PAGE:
3. Nancy Estes on October 7, 2021 at 3:53 pm

    Oh Dave I am so sorry about your loss of your fur baby.I have you in my prayers and praying for a miraculous recovery.With GOD ALL THINGS ARE POSSIBLE PLEASE DON’T GIVE UP.YOU ARE AN AWESOME YOUNG MAN AND I DON’T THINK THAT GOD IS THROUGH WITH YOU YET. I PRAY THAT GOD WILL HEAL YOU OF ALL THE CANCER IN YOUR BODY.

  4. Autumn on October 8, 2021 at 8:28 am

    Dave,

    Thank you for being open and honest in this column even though it is probably super hard for you. I took a class in college called ‘death and dying’. It was a eye opener. Death is something we will all face yet one thing none ever thinks about, taboo to talk about.

    In this class we had to visit a funeral home, write our obituaries, and our will. As hard as that seems, it’s almost like a sense of closure. It felt like you got to close that chapter in your book of life.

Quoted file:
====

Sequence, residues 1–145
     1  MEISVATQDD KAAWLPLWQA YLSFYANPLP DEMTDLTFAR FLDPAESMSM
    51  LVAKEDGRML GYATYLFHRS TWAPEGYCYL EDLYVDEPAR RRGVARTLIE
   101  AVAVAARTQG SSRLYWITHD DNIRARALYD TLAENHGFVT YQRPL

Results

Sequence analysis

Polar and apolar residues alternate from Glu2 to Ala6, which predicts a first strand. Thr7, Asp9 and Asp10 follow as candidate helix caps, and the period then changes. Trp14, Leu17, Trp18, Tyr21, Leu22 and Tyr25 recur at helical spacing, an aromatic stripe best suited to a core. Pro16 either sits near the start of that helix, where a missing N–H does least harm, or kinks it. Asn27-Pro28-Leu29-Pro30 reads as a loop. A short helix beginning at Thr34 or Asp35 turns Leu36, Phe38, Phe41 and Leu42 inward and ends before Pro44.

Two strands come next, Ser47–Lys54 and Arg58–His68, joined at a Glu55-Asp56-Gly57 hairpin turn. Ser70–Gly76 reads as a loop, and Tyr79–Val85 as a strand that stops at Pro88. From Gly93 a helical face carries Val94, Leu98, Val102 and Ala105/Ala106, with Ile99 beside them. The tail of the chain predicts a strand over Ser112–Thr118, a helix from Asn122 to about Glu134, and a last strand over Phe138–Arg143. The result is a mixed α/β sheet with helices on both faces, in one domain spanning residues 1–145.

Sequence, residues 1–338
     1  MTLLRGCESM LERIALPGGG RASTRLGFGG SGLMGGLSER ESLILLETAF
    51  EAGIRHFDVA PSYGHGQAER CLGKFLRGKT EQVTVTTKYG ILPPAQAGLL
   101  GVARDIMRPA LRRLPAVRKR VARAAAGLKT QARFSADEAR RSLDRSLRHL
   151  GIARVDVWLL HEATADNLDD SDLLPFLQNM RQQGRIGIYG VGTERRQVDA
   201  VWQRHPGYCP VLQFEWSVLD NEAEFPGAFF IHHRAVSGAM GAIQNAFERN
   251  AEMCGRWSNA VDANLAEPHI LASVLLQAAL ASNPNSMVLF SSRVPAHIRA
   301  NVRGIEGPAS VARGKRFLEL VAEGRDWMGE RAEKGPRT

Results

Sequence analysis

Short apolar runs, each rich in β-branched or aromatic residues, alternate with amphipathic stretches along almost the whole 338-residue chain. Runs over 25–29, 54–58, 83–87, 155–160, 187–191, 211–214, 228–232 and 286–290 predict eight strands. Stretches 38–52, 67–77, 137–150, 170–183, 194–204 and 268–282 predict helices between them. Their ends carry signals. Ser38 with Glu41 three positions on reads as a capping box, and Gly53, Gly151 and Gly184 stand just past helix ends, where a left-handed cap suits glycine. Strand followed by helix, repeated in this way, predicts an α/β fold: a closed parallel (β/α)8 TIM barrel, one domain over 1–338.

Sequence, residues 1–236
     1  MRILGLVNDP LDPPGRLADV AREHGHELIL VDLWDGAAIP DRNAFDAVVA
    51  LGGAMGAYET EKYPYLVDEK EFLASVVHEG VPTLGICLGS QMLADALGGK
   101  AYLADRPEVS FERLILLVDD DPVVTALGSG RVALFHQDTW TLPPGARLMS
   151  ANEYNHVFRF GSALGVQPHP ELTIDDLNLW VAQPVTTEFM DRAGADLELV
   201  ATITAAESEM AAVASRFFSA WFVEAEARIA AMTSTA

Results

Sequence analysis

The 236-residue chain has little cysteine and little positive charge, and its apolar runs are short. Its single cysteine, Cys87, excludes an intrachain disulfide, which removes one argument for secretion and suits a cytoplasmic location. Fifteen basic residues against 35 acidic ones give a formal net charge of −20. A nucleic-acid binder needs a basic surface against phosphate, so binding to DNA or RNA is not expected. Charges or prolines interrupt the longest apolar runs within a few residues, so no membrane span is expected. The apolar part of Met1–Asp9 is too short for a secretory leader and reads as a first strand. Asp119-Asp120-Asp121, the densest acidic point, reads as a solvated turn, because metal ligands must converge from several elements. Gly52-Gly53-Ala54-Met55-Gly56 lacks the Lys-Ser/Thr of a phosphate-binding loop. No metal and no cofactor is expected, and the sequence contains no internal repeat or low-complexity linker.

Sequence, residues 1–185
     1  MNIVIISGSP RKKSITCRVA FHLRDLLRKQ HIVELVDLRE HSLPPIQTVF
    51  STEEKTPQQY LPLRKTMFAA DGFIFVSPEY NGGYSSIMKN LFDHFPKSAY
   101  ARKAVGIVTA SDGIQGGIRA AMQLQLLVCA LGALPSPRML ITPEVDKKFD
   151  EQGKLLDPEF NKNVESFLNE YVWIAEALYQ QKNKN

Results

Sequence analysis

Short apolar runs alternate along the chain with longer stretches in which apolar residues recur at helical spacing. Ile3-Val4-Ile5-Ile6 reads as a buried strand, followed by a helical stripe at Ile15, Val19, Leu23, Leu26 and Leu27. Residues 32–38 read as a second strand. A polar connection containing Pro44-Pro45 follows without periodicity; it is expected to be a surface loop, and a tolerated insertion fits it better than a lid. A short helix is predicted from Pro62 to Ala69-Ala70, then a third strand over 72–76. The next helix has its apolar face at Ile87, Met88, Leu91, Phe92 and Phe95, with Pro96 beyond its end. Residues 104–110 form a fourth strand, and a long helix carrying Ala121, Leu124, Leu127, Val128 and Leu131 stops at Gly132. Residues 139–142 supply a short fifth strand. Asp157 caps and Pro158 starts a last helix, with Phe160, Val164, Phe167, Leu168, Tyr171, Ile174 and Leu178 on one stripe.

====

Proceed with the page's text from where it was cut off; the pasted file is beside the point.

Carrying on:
I pray for better days ahead and I am so sorry to hear about your dog as well.

    Thanks for continuing to write my favorite sections of the paper. The real and the raw. Not ‘news’–just life stuff that truly connects people in some way, shape or form.

    Best of wishes,

    Autumn

  5. Deborah Hauser on October 9, 2021 at 5:18 pm

    Your story of loss & suffering (while both universal experiences) sure feels personal hearing it in “first person.” I will be praying for your miracle Dave. I was diagnosed with Stage 2B Breast cancer in 2009. Went through everything available medically at the time. And by His grace alone … God granted me more time. I was 51 years old at the time of diagnosis in 2009 … this year I turn 64. Your hurt … when shared … can help you & certainly others. Prayer is everything. May His peace be your constant.